The CureDuchenne clinic at the Neurology and Neuromuscular Care Center in Denton opened its doors this month to patients with a rare form of muscular dystrophy.
The ribbon-cutting ceremony was held at the clinic located at 2817 S. Mayhill Rd., Suite 115 on March 3, per the Killeen Daily Herald.
Funded by a $900,000 grant from the global nonprofit CureDuchenne and a $500,000 bank loan, the clinic can treat patients with Duchenne muscular dystrophy regardless of their insurance status over the next three years.
In the meantime, its founder, Dr. Diana Castro, hopes that she will manage to raise funds to keep the clinic running in the future.
“We need people to get interested, to donate. Anybody that can give us a hand to try and help these people long-term,” Castro told The Dallas Morning News.
Steady financial support is critical given the nature of the disease suffered by patients of the CureDuchenne clinic.
Duchenne muscular dystrophy is a progressive muscle-wasting disease that has no cure. Among approximately 250,000 people in the United States living with some form of muscular dystrophy, less than 50,000 suffer from this particular disease.
Duchenne muscular dystrophy almost exclusively affects males due to how the genetic mutation occurs. Essentially, this mutation tells the body not to produce dystrophin, a critical protein that helps muscles recover from mechanical stress. Over time, the simplest movements related to daily life wear on the muscles of the body, which deteriorate, cease to function, and eventually die.
Every muscle of the body is affected, including the heart and those surrounding the lungs.
Diagnosis of Duchenne muscular dystrophy usually occurs between the ages of 2 and 11. Lifelong care is needed, with patients living until their late 20s on average.
The CEO and founder of CureDuchenne, Debra Miller, knows firsthand how difficult it is to find medical professionals specializing in this rare disease, not to mention the barriers of cost. Miller’s 26-year-old son has Duchenne muscular dystrophy.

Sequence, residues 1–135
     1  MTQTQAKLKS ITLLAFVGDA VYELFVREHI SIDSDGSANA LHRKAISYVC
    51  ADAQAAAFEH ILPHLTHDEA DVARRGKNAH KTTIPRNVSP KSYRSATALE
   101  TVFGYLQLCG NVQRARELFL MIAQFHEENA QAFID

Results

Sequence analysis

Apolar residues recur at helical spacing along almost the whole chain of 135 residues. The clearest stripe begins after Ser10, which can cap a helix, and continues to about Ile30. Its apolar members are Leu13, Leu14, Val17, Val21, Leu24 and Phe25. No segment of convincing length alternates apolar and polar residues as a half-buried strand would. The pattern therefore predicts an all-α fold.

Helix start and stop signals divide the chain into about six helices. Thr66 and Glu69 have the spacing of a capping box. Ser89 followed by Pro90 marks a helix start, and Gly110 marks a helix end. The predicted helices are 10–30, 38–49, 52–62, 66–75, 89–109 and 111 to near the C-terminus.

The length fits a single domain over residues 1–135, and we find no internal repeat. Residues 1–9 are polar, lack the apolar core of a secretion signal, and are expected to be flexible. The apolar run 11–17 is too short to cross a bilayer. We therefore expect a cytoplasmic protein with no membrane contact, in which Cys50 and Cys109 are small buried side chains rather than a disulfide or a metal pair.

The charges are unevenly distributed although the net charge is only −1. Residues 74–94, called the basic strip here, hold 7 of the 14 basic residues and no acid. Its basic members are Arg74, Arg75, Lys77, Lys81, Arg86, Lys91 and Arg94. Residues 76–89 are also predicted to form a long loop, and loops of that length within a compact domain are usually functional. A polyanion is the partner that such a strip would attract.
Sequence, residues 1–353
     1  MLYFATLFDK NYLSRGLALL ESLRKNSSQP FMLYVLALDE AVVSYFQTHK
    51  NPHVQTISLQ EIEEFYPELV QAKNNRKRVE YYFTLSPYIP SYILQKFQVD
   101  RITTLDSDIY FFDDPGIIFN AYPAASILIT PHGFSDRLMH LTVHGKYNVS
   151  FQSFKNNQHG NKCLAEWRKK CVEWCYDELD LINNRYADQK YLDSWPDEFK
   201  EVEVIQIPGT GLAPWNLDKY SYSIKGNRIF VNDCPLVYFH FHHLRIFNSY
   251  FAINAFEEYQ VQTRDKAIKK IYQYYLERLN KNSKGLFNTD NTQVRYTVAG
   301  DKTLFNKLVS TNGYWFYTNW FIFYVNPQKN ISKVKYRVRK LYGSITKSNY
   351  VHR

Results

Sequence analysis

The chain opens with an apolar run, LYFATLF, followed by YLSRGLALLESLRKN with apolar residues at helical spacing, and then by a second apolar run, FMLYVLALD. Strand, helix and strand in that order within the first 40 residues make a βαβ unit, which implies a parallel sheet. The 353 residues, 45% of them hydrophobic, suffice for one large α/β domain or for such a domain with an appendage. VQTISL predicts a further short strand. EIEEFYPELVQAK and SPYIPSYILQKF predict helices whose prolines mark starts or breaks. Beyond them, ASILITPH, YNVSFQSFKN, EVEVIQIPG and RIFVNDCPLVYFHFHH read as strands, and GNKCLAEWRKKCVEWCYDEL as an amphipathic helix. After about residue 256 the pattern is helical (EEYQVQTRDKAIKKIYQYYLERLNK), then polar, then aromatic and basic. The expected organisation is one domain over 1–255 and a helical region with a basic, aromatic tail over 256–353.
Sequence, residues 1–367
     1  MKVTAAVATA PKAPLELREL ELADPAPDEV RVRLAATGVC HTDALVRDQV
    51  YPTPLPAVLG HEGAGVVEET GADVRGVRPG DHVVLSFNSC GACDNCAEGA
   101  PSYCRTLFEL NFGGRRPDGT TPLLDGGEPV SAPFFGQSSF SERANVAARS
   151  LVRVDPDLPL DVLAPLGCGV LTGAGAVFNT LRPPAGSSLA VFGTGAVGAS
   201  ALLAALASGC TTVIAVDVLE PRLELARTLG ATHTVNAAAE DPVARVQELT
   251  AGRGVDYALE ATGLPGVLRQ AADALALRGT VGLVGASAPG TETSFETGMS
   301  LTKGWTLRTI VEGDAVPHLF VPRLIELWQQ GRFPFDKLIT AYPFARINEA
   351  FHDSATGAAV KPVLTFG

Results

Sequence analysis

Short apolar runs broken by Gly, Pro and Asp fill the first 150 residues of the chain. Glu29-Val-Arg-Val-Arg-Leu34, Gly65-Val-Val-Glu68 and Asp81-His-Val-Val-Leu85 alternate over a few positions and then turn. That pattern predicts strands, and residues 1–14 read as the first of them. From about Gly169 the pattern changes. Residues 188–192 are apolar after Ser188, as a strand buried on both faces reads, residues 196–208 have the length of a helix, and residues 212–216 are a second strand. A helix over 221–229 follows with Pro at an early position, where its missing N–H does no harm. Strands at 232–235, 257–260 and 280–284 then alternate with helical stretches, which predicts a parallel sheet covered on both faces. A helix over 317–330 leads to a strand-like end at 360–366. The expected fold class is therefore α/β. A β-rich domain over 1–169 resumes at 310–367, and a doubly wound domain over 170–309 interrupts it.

“There are close to 1,000 Duchenne families in Texas, and it’s not just the Dallas area that’s going to benefit but Houston and Austin and all over the state. This is the first time that they’re going to have a dedicated clinic that they can go to — regardless of language, regardless of income, regardless of insurance — and get good care,” Miller told the Killeen Daily Herald.
Connor Cagle, a third-grader from Weatherford, is receiving treatment at the new clinic. His mother Kathryn Cagle makes the hour-long drive in the hope that her son will have a better quality of life with medications and specialized equipment.
The CureDuchenne clinic provides a one-stop-shop for patients to see a variety of specialists. Specialists include cardiologists who conduct echocardiograms to check for fibrosis or scarring around the heart, pulmonologists who monitor lung function, and physical therapists who work on maintaining mobility.
According to Castro, the clinic also provides a sense of community for patients and their families by providing a supportive environment where they can get the care they need.
This is just one way that Castro, who almost quit medicine after burning out in April 2021, endeavors to make the clinic patient-centered — not profit-driven.
“I didn’t go into medicine to have a McDonald’s as a clinic,” Castro told the DMN. “I want to have a patient relationship and it’s not allowing you to anymore.”
Castro hopes that her project with CureDuchenne will inspire other medical professionals to make similar changes.
“There are a lot of physicians leaving the industry because of that, but there are many who want to continue seeing patients, just on different terms. I think this will hopefully be a model for others,” Castro told the Killeen Daily Herald.